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Kailas Chandra Ray and ors. Vs. Hridoy Chandra Das and ors. - Court Judgment

LegalCrystal Citation
SubjectCivil
CourtKolkata
Decided On
Reported inAIR1924Cal814,83Ind.Cas.958
AppellantKailas Chandra Ray and ors.
RespondentHridoy Chandra Das and ors.
Excerpt:
- .....now concerned. there were a great number of defendants, i understand about 160 or more of whom the present petitioners who appear to be defendants nos. 43 to 49 were the contesting defendants. after many days, on the 21st june 1923, the case came on for hearing and an application for. adjournment was made by certain of the plaintiffs and it was dismissed. thereupon, the suit was dismissed for default in the presence of the present petitioners-defendants nos. 43 to 49. shortly after, wards, an application for the restoration of the suit was made by three of the plaintiffs-plaintiffs nos. 1, 3 and 4 - against the present petitioners. what happened first was that the subordinate judge refused to restore the suit on the merits. the learned additional district judge on appeal took a different.....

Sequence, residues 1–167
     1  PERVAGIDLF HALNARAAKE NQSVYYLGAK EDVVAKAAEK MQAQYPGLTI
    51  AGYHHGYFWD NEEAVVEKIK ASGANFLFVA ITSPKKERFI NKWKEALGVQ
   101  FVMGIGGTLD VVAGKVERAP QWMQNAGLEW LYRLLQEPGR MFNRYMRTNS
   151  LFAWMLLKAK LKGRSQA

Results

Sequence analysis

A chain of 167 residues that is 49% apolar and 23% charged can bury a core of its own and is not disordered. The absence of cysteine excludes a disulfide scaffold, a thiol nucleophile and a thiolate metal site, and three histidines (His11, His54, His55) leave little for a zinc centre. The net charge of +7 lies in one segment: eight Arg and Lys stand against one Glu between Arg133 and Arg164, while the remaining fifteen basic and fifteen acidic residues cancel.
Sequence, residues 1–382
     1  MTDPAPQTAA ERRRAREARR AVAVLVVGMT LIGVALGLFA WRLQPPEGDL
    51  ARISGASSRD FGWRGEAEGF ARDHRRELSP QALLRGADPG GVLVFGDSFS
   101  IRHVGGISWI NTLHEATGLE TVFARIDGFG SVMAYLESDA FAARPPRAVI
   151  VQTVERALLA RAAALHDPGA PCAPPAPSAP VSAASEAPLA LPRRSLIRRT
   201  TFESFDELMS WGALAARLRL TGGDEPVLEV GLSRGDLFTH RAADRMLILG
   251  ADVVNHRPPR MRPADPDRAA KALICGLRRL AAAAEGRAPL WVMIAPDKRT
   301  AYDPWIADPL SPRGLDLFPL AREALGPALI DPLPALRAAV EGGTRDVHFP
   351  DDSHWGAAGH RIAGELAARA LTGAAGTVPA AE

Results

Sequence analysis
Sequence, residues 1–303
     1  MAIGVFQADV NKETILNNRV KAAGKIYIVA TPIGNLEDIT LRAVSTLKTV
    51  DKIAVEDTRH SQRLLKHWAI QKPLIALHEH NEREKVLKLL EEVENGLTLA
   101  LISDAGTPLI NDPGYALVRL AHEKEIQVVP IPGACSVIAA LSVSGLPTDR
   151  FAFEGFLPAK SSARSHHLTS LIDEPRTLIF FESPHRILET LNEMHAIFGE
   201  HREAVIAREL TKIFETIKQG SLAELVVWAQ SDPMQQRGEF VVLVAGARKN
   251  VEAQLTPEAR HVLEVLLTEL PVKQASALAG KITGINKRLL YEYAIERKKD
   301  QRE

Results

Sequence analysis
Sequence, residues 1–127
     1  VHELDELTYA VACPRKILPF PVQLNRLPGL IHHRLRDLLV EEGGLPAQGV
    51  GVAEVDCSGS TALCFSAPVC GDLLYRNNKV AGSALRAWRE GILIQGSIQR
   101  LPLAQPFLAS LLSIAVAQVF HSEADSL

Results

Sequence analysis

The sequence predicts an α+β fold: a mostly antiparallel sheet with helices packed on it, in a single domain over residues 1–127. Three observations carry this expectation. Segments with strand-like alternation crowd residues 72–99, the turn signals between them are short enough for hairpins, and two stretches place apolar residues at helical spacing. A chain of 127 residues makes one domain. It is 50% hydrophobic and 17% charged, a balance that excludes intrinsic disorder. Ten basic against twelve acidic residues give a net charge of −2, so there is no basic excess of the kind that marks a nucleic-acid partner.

Judgment:

Rankin, J.

1. In this case, some fourteen plaintiffs brought a suit in May 1918 for the purpose of setting aside the preliminary and final decrees made in 1917 in a partition suit and for certain incidental reliefs. Some of the plaintiffs, namely, plaintiff No. 2 and plaintiffs Nos. 5 to 9 went out of the case by compromise before the matters with which we are now concerned. There were a great number of defendants, I understand about 160 or more of whom the present petitioners who appear to be defendants Nos. 43 to 49 were the contesting defendants. After many days, on the 21st June 1923, the case came on for hearing and an application for. adjournment was made by certain of the plaintiffs and it was dismissed. Thereupon, the suit was dismissed for default in the presence of the present petitioners-defendants Nos. 43 to 49. Shortly after, wards, an application for the restoration of the suit was made by three of the plaintiffs-plaintiffs Nos. 1, 3 and 4 - against the present petitioners. What happened first was that the Subordinate Judge refused to restore the suit on the merits. The learned Additional District Judge on appeal took a different view of the merits and he has directed the restoration of the suit as between the plaintiffs Nos. 1, 3 and 4 on the one hand and, on the other hand, the present petitioners together with these other defendants who did not appear on the date of the hearing.